CHP debuted in the Philippine Stock Exchange through an initial public offering at a price of 10.75 Philippine Pesos per share raising a total of 25.1 Billion Philippine Pesos. The proceeds of such fund raising were all paid to the parent company CEMEX of Mexico. Proceeds of the IPO was not even enough, CHP borrowed around 14 Billion Philippine Pesos from BDO to make additional payment to the parent CEMEX of Mexico. Despite those payments CHP still owe the parent 1 Billion Philippine Pesos.
How did CHP became indebted to CEMEX? CEMEX sold the 40% of the operating companies Solid Cement and APO Cement to CHP. The acquisition of the 40% shares of the two operating companies created a goodwill of 27.9 Billion Philippine Pesos, that means the 40% shares of Solid Cement and APO Cement were acquired at around 40.1 Billion Philippine Pesos and of that purchase price only around 12.2 Billion Philippine Pesos could be attributed to tangible assets such as cement plants, equipment, machineries, and etc. The 27.9 Billion Pesos overprice was justified as goodwill which was attributed to the existence of an assembled workforce and established dealer network.
The transaction was a “steal” for CEMEX from the IPO investors. We viewed it as the profitable capital repatriation/exit of CEMEX from the local cement industry.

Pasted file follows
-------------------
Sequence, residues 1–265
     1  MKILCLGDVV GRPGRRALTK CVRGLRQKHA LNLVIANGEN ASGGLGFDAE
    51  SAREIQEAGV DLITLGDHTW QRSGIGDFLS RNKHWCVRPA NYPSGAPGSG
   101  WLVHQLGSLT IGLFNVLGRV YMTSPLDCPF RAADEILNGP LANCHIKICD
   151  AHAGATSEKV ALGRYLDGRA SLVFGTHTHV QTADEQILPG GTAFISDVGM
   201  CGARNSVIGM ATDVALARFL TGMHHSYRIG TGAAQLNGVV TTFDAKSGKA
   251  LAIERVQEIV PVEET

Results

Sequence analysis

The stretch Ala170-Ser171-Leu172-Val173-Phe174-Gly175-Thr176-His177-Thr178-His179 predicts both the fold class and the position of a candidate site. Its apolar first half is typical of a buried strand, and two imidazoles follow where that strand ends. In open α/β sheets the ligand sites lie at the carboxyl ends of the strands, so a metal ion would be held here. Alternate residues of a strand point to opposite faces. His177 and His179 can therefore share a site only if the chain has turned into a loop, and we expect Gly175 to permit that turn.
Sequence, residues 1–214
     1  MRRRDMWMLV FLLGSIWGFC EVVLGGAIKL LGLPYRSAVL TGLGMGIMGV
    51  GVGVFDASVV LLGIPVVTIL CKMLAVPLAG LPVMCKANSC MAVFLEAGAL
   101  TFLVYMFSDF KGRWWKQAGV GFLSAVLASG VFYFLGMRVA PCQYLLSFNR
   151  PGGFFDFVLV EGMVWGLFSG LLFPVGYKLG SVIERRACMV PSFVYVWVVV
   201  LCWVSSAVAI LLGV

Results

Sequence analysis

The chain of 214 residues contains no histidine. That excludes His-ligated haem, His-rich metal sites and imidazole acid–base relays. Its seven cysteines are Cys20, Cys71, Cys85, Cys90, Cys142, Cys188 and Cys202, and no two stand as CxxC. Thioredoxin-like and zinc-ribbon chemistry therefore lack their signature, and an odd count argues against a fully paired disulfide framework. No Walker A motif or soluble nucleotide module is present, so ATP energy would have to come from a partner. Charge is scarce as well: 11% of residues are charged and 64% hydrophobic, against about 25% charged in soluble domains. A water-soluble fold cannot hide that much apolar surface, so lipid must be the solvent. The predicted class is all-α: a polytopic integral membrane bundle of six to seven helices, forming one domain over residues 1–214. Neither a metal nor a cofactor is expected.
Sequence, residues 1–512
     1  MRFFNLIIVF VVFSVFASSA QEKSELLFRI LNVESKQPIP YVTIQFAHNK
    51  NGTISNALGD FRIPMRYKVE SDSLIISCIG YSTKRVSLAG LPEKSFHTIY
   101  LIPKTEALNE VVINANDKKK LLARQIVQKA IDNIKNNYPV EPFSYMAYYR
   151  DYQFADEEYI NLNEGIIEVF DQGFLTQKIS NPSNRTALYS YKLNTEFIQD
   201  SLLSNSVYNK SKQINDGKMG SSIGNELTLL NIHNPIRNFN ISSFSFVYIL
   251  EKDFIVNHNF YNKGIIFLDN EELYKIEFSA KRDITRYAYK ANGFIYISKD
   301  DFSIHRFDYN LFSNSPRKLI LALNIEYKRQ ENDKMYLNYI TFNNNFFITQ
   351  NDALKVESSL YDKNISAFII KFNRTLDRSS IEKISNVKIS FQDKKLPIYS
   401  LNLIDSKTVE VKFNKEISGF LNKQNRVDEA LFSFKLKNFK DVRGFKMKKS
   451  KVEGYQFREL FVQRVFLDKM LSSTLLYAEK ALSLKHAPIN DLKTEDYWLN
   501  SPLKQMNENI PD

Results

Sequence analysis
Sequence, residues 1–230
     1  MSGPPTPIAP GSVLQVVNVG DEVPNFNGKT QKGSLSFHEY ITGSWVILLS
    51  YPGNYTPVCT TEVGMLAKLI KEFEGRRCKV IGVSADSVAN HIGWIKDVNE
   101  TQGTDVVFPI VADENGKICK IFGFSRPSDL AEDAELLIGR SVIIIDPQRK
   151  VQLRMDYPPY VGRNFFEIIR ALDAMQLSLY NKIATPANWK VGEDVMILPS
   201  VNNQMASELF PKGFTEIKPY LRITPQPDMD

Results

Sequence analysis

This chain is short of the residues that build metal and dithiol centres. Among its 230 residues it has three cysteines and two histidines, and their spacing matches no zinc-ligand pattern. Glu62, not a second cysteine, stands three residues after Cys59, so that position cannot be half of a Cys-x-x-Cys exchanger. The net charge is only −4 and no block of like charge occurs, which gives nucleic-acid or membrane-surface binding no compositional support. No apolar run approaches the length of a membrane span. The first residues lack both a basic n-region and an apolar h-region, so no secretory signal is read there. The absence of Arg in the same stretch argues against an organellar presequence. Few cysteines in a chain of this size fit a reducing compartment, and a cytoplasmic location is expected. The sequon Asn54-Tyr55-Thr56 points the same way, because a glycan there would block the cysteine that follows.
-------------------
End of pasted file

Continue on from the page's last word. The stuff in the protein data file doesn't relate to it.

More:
After the transaction, CHP struggled in the market as it faces fierce competition especially from the influx of cheap imported cement from neighboring Southeast Asian producers.
With a huge “Goodwill” firmly lodged in its balance sheet, over the years CHP gradually loses its value. From 10.75 Philippine Pesos IPO price to its lowest at 0.90 a 92% drop.
In 2018 it was reported that institutional investors held 13.68% of the outstanding shares of CHP, now only about 2.90% are being held by institutional investors.
On January 2020 just before the Covid-19 pandemic kicked-in, CHP was able to raise 12.8 Billion Philippine Pesos from the stock rights offering (SRO) It was a token recapitalization of CEMEX Mexico of its local unit CHP. The SRO was priced at 1.54 Philippine Pesos a share. But CHP faithfuls also took a good chunk of the SRO.
The SRO was timely, it gave CHP the needed liquidity in these times. But such liquidity will not be enough for its still massive debt with BDO when it becomes due sometime in 2024. We believe CHP will have to tap again its faithfuls to pay the debt.
After, the SRO we estimated the net asset value (NAV) of CHP to be at 1/share after taking the massive goodwill from its balance sheet. In these times, we believe CHP should not be in any ones portfolio right now. In these times, there is a great risk that shareholder will be wiped out. CHP has to go down to 0.50/share for a comfortable risk-reward ratio.